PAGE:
I made it almost whole life without ever tasting a Brussel sprout until a recent trip to meet up with a farmer who grows the little green balls! (He actually grows some of them to be used on Rose Parade floats which is really exciting and something I’ll share with you as the event gets closer.
I am lucky to be the producer of HGTVs coverage…but that’s another blog series!) This is about these gross little green things that have made me gag my entire life. I hated them so much when I was younger that I would choose to lose my dessert for not only a day but a week to avoid eating a single Brussel sprout.
However I was forced to rethink my dislike of them when the farmer handed me one and said take a bite. It was fresh straight from the stalk. Instead of eating them cooked with a bunch of butter or oil, I took a bite of one while I was in the garden and I’m happy to report it was YUMMY! It tasted a bit like cabbage. It was another reminder to live by what I preach to my kids. “Even if you don’t like it now, you might like it later!”
Brussel sprouts are the strangest looking vegetables I’ve ever seen in the garden. They like cool weather and do better in areas where the summers are not long, hot and dry. The stem of the plant grows little tiny cabbage looking heads which is the actual vegetable. This is a really great thing to grow with children because there are so many imaginative worlds and stories that can be inspired by the crazy looking stalks.
The trick to a good tasting Brussel sprout is making sure you pick them at just the right time. If you pick them too late they can taste bitter, which is probably why most people don’t like them. Look for Brussel sprouts that are about one inch in size. That’s almost the same size as a nickel or small paperclip! Be sure to harvest at the base of the stem first and work your way up. Twist off the sprouts by hand!
‘Tis the season for truck loads of pumpkins.
I know most kids tend to think about only carving pumpkins, but don’t forget pumpkins are a vegetable too! They are totally edible! To prove my point we’re making
Once the fries are cut, throw them into a plastic zipper bag or bowl and mix them up with olive oil and salt. Place them onto a cookie sheet and bake for 12 to 14 minutes. Once they start turning brown, it’s time to pull the fries out of the oven and let them cool for a couple minutes.
As soon as my daughter took a bite she declared that her “taste buds were doing cartwheels!” I’ll take that food review any day!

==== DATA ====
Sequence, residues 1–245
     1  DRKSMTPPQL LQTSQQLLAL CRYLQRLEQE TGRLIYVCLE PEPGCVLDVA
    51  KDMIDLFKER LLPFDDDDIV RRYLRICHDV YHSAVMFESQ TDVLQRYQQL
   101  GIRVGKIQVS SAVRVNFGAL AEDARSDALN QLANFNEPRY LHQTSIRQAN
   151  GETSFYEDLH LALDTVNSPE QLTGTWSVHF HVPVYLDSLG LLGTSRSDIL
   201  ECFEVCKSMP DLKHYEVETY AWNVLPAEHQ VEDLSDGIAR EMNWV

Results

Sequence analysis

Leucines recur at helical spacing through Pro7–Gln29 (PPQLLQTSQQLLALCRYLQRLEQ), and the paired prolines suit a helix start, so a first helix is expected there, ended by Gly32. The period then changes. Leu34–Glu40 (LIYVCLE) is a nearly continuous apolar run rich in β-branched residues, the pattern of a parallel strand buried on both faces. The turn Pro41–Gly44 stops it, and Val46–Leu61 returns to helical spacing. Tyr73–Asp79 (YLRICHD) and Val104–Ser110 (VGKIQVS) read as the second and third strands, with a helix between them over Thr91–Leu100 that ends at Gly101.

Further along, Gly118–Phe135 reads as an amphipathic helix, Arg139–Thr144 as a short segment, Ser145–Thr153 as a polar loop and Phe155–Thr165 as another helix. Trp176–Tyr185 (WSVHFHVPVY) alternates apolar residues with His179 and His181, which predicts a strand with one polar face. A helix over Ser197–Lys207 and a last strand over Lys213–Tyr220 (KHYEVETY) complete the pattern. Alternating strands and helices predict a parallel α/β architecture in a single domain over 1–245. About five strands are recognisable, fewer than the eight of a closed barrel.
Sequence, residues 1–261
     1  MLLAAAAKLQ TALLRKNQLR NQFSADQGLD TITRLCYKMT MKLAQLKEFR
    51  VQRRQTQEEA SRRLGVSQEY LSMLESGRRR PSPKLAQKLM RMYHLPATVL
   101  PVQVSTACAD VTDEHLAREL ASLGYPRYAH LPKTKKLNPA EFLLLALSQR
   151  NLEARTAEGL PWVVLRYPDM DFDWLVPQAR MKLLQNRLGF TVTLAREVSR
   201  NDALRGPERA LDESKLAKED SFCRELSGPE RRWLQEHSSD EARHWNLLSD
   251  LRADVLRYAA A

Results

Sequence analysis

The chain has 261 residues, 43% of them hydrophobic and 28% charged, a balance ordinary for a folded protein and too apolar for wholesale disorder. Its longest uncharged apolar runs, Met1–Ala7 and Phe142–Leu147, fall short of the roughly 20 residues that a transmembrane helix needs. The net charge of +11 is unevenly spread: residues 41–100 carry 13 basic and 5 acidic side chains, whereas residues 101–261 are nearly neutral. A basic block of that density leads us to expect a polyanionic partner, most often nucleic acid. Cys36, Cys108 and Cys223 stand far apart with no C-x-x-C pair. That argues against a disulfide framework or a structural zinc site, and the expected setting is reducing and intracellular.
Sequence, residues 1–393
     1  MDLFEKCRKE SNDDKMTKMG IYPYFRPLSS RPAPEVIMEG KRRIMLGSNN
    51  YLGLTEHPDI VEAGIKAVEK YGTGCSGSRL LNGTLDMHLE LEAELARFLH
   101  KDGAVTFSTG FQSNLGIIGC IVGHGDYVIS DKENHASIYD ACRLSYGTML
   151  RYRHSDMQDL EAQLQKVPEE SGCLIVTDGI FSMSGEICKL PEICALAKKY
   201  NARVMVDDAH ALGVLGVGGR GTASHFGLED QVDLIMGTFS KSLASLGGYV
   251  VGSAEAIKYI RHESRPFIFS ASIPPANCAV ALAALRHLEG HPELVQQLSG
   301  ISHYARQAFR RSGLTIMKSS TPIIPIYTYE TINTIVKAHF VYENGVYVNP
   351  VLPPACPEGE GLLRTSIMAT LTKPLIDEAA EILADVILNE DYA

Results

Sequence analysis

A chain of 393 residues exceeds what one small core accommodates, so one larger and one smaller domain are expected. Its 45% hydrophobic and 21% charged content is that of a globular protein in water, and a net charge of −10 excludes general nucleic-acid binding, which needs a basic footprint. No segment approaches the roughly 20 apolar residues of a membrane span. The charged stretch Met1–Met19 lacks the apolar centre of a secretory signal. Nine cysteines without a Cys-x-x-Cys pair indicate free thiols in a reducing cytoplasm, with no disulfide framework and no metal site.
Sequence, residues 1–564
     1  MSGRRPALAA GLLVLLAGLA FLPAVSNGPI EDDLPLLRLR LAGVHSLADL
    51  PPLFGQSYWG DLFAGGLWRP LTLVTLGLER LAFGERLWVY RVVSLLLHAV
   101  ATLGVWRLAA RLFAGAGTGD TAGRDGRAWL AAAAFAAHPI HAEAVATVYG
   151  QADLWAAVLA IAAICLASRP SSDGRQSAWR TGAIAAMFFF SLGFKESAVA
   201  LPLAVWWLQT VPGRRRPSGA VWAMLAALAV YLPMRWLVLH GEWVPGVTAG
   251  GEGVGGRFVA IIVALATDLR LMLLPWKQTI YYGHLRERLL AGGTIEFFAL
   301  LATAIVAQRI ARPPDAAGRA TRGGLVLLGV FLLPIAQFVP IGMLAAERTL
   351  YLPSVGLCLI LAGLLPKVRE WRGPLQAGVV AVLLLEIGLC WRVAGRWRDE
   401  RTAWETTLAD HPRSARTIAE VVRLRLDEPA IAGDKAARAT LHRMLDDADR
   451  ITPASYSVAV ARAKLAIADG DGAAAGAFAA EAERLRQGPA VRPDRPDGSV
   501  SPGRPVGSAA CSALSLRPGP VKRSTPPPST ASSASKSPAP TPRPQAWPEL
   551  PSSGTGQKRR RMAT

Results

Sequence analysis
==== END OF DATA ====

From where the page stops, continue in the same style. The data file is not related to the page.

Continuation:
We’re also created the traditional pumpkin pies and mashed pumpkin but these fries are our favorite!
Nutritional note: raw pumpkin only has 15 calories per ½ cup and is full of iron, zinc and fiber!
Here is my list of the twelve quick growing veggies that I recommend for an easy and fast harvest.
1. SPINACH: The tasty dark leaves definitely help our muscles build. They are good in salad, sandwiches and even heated up with mushrooms. You can harvest spinach leaves at their baby stage in as little as 30 days. Tear off a leaf and more grow!
2. KALE: Different varieties have different growing periods. Be sure to read the label and find the ones that can be harvested in 30 days. Add kale to a smoothie or salad. One of our favorite variety’s is the Blue Curled Kale!
3. BOK CHOY: We love growing bok choy, although I think it’s because we love chanting it more than growing it. It grows super-fast and is ready to throw into salads or stir fry's in 30 days no problem!
4. Arugula: This leaf lettuce is a bit on the spicier side. It grows to full size in 30 days. Just be sure to cut the outer leaves first. Use a ruler to measure the 2 inch leaves and cut those.
5. Romaine: These leaves are hearty and grow tall fast. At 30 days, pick the leaf and wrap it around your favorite sandwich meat or just wrap it into a horn and play a tune. (Huh? I know it’s silly but it’s fun and a great way to learn more about sound waves! It tickles your lips!)
6. Watercress: This is easy to plant. Just toss seeds onto the soil and watch it sprout. Don’t overwater and don’t cover with soil. It grows as fast as weeds, and kind of looks like them too. Freshly picked, it adds a bit of crunch to your snack.
7. Batavia: There are several varieties so look for the ones with the quick harvest time. This is also a lettuce that likes warmer weather but since we’re in Southern CA we can get away with it because we still have some hot days speckled in.
8. Butter Lettuce: This crisp-head lettuce leaves form a small ball as it grows, although it’s much less compact than iceburg lettuce. Butter lettuce has a texture that simply “melts in your mouth like butter,” said one of my 4th grade students recently.
9. Radish: Always a favorite for any family garden because it sprouts up fast all year long. In the summer it tends to be more peppery in flavor than winter. Try it and keep a log about the taste to compare the two seasons.
10. Green Onions: They look like green pencils standing tall at about 30 days. You can start pulling them out any time. The flavor gets bolder the longer you keep it in the soil.
11. Mustard Greens: I honestly do not like the peppery taste of this foliage and find it quite funny to have the kids taste it. It’s great to have just so kids can start to develop the sense of different tastes. Who knows…maybe your kids will like it mixed in with the sweeter lettuce. It definitely sprouts fast and is fun to watch.
12. Turnips: Did you know you can grow turnips for both the roots and greens? In 30 days the root is not developed but he baby leaves are ready to harvest and eat. They taste a bit like spinach. Just cut the outside leaves and leave the center ones attached to the root. 30 days later you can pick the entire plant!
Write something about yourself. No need to be fancy, just an overview.